BY LINDA BENTLEY | AUGUST 14, 2013
Judge declines to enter judgment in CPFER v. Respect Arizona
The snafu over Klayman’s pro hac vice application became moot along with the constitutionality of A.R.S. § 19-202(A)
PHOENIX – Maricopa County Superior Court Judge Lisa Flores declined to exercise the court’s discretion to enter a declaratory judgment in Citizens to Protect Fair Election Results (CPFER) v. Respect Arizona as to the constitutionality of A.R.S. § 19-202(A), which states: “A recall petition shall not be circulated against any officer until he has held office for six months, except that a petition may be filed against a member of the legislature at any time after five days from the beginning of the first session after his election. The commencement of a subsequent term in the same office does not renew the six month period delaying the circulation of a recall petition.”
The last sentence appears to conflict with the Arizona Constitution, which allows for no such exception.
Back in March, Jeff Lichter, Jim Wise and CPFER filed a complaint in Maricopa County Superior Court against Respect Arizona, its principals, Secretary of State Ken Bennett and various other county officials to contest Respect Arizona’s recall effort against Sheriff Joe Arpaio before six months had passed from the time he was sworn in, as required by the Arizona Constitution.
Attorney David Burnell Smith was representing the plaintiffs as local counsel while Attorney Larry Klayman, founder of Judicial Watch and Freedom Watch, was to appear pro hac vice, whereas an out-of-state lawyer may be admitted to practice in a local jurisdiction for a particular case only.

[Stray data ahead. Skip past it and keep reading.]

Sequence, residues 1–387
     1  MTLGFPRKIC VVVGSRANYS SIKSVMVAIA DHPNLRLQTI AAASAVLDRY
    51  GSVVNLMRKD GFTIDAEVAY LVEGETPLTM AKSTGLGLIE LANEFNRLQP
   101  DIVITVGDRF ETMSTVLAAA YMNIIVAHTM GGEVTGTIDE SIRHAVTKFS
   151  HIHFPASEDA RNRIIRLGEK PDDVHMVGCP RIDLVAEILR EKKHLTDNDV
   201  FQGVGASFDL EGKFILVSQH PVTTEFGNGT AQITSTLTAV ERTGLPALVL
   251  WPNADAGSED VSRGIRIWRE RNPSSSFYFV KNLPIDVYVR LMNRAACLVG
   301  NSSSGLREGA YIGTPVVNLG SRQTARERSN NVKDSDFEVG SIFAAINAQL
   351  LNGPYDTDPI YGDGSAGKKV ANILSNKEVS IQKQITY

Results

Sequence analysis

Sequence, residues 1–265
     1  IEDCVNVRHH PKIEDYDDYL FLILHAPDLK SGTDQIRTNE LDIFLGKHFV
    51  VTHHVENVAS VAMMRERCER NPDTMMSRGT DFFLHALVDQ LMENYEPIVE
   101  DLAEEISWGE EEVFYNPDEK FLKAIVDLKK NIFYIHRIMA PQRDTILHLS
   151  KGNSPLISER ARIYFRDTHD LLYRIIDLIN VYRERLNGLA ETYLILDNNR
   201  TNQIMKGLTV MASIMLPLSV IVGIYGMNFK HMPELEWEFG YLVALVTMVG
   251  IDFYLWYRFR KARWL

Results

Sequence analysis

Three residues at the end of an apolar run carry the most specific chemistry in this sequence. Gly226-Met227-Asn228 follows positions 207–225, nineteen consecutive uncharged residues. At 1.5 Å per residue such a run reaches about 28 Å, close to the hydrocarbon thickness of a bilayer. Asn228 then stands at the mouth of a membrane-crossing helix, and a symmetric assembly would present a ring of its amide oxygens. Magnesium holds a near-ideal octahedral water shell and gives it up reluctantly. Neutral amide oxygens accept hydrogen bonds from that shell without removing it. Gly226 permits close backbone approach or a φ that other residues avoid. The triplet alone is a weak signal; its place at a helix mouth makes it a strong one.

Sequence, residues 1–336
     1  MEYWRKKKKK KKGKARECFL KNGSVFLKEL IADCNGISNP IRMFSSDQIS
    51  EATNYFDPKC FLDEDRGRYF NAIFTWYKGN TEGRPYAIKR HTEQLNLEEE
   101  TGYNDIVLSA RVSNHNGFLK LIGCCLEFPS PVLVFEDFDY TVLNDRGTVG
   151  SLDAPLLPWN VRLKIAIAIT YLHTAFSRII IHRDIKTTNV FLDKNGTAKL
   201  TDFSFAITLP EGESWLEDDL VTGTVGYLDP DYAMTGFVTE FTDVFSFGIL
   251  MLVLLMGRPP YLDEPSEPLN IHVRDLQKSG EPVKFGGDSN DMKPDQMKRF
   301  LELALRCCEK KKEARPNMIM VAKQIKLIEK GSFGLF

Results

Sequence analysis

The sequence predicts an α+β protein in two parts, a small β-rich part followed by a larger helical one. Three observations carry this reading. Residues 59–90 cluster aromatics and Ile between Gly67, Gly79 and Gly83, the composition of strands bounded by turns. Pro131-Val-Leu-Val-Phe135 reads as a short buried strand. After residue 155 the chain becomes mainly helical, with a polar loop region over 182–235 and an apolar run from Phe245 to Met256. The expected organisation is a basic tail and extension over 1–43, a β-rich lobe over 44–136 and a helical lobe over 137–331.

Klayman’s office prepared the pro hac vice application, which was then sent to Smith’s office with instructions to submit and pay the filing fee to the Arizona State Bar.
The Plaintiffs reviewed the complaint, paid Smith the filing fee and pro hac vice application fee, so Smith could take the appropriate steps to move for Klayman’s pro hac vice entry in the case.
Although Klayman was entered into the case as appearing pro hac vice, it appears Smith neglected to file Klayman’s application with the bar.
Klayman’s pro hac vice status was since withdrawn.
Although Respect Arizona failed to obtain the requisite number of signatures to force a recall, the question raised is constitutional in nature – whether state statute can trump the Arizona Constitution – and still may eventually need to be resolved.
While the Arizona Constitution requires an elected official to be in office for a minimum of six months before he can be recalled, state statute makes an exception for those who have been reelected to the same office.
CPFER asserted state statute cannot change the provisions of the Constitution and would allow those who do not like election results to simply force another election.
And, as Klayman has pointed out, judges as well as every other elected official in Arizona could be affected.
In the interim Flores’ ruling means the snafu over Klayman’s pro hac vice application became moot along with the failed recall attempt of Sheriff Arpaio.